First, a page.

Re: Taiwanese: unicode of o with dot right above

From: Kenneth Whistler (
Date: Tue Aug 15 2000 - 13:04:10 EDT

Kiatgak asked:

> 3 more problems:
> 1. Can anyone kindly explain why COMBINING DOT ABOVE RIGHT was turned down?

I just did. Please read back through my explanation. COMBINING DOT ABOVE RIGHT
is a glyph variant of COMBINING DOT ABOVE that has been used in Latin
transcription of Minnanhua to solve the problem of tonal accent placement
on a Latin letter marked with a diacritic above. There is no need for
a separate encoded character -- the existing encoded characters are
sufficient, together with the use of appropriate fonts which show the
ligations correctly for Minnanhua.

> Ken said:
> > A new character, COMBINING DOT ABOVE RIGHT, should *NOT* be encoded.
> > It was already proposed two years ago, and has been considered and
> > turned down in the context of the issues raised by Kiatgak.
> I am still out of touch with Te Khaisu.
> Why COMBINING DOT ABOVE RIGHT was turned down? Is there anyone understanding
> the real reason?
> Was it rejected with other precomposed characters together?
> Or as Abdul said: "...'combining dot above' has a similar appearance and
> probably the same function as the proposed 'combing dot right above' ... was
> basis of the rejection."?

Yes, the latter.

> Intuitively, the appearances of DOT ABOVE and DOT ABOVE RIGHT are quite
> different (at least for me), arn't they?

This is no different than the need to adjust the position of combining
points for voweled Arabic, for example, depending on what letters they
are placed in proximity to.

Minnanhua fonts simply need to contain the appropriate preformed glyphs
that place the dot correctly with respect to the base form o.

> 2. If using O/o + U+0307(COMBINING DOT ABOVE) to represent "O/o with dot
> above right", how to make them have the desired appearance?

Just pick an appropriate font that has the expected glyphs built in
for Minnanhua. That is exactly what Te Khai-su's HOTSYS(r) fonts have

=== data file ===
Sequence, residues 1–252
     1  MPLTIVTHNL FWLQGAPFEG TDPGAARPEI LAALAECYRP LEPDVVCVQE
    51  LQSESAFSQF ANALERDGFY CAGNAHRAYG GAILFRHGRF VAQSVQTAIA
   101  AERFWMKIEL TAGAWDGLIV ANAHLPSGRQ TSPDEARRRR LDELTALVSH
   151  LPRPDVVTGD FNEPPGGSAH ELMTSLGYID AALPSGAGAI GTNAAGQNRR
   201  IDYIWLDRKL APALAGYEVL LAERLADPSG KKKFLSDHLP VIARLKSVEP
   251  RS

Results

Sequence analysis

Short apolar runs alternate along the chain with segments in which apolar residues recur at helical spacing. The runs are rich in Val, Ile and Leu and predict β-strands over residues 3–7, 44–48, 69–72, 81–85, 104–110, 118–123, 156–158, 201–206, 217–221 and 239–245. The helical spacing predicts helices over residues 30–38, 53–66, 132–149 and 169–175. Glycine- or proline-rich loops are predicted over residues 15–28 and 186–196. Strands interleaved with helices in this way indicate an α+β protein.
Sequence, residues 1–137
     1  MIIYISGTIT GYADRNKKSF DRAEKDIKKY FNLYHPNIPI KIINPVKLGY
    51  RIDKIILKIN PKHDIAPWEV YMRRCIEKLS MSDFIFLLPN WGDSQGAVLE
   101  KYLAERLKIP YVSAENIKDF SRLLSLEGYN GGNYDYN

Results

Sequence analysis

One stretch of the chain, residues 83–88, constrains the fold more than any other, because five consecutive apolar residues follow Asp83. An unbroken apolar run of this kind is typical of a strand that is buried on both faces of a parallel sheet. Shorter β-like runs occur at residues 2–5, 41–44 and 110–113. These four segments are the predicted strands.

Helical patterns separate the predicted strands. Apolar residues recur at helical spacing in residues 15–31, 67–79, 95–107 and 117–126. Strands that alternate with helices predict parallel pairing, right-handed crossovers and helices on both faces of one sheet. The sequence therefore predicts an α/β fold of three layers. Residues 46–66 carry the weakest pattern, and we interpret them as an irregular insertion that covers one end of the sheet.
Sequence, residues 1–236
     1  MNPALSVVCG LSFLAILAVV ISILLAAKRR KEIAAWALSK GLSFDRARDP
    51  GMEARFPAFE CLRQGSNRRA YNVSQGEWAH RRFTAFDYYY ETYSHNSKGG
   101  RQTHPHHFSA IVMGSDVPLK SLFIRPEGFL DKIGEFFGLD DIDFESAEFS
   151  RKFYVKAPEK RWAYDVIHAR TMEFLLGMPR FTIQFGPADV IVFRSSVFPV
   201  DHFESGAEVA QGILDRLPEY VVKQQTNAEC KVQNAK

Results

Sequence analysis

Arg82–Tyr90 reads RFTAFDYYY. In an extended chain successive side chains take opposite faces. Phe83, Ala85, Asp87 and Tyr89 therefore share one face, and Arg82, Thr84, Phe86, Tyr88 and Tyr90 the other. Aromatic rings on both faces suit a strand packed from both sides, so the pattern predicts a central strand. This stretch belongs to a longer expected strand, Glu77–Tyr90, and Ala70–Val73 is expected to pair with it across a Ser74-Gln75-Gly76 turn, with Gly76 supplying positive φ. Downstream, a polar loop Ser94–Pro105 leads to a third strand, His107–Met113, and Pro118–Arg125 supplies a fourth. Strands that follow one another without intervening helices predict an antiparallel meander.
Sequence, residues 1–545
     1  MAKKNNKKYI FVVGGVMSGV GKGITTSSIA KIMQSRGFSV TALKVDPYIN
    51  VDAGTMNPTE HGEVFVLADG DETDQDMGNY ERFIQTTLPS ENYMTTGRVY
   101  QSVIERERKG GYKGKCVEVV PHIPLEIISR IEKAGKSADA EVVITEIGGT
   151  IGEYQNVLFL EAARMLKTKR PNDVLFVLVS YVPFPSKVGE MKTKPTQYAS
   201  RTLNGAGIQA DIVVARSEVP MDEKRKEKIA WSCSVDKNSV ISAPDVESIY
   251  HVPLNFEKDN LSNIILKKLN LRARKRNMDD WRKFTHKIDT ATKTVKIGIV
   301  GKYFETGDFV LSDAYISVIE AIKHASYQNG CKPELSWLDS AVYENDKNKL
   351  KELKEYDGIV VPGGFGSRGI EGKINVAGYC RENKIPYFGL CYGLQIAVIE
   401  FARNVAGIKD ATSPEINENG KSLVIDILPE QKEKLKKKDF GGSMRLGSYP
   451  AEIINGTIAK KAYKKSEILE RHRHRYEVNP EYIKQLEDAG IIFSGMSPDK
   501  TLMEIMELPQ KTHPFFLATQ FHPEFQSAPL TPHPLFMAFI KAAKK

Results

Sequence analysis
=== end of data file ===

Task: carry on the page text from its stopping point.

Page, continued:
> It is very nice to have normal Unicode encoding. But we hope the position of
> the dot should be to the right above. How?
> In normal environments, it will be displayed on the above, won't it?

Default rendering with default fonts would do so, yes.

> So, the best way seems to request font developers to support a
> language-specific behavior. But
> a) to get the help from font developers seems very unlikely (because this
> is not a general solution as adding a COMBINING DOT ABOVE RIGHT, just like
> Peter said).
> b) for the lesser-used languages including Taiwanese etc., there are even
> no language codes for them.

There is no need for hacking language-specific behavior into the fonts.
This is no different than using a Chinese-designed font to get best
display of unified Han characters for Chinese and a Japanese-designed font
to get best display of unified Han characters for Japanese.

> Maybe the final result is either we have to tolerant the dot on the above
> position or we have to create our own fonts?

Yes. As will users of any other language that expect multiple accents on
Latin letters to be positioned in special ways. This is no different from
the situation for Vietnamese, for example. Best display of Vietnamese
requires a font with ligatures defined for multiple accent combinations.

> If we have to create our own fonts, what are the criteria in order to
> conform to Unicode standard? (Available fonts currently are all defined by
> their own special codes.)

Simply use existing font standards and supply Unicode CMaps and ligation

> 3. Does "Bopomofo Extended" (U+31A0~U+31B7) violate the principle:
> characters should be used?
> These symbols almost never used since they were invented by some scholars.
> Most people use the latin based Taiwanese, and most data are written in
> latin based Taiwanese.

There are publications containing them, examples of which were presented
in the supporting documentation supplied by TCA to WG2. WG2 accepted
that documentation and encoded the characters in 10646.

> Why can "Bopomofo Extended" be accepted by Unicode Standard? It seems not
> very reasonable. It seems also unfair to those lesser-used languages whose
> symbols are not defined by government organizations, doesn't it?

WG2 and the UTC are not in the business of mediating between competing
groups of people who are pressing for alternate orthographies (and
who may or may not have associated political agendas). The Unicode
Standard has encoded all the characters required for accurate representation
of Minnanhua (or Hakka, for that matter) using Latin-based orthographies,
Han characters, or extended Bopomofo. At this point people in Taiwan
can get on with their implementations and argue among themselves
regarding which orthography or orthographies they wish to support,
teach, and/or standardize for those languages.


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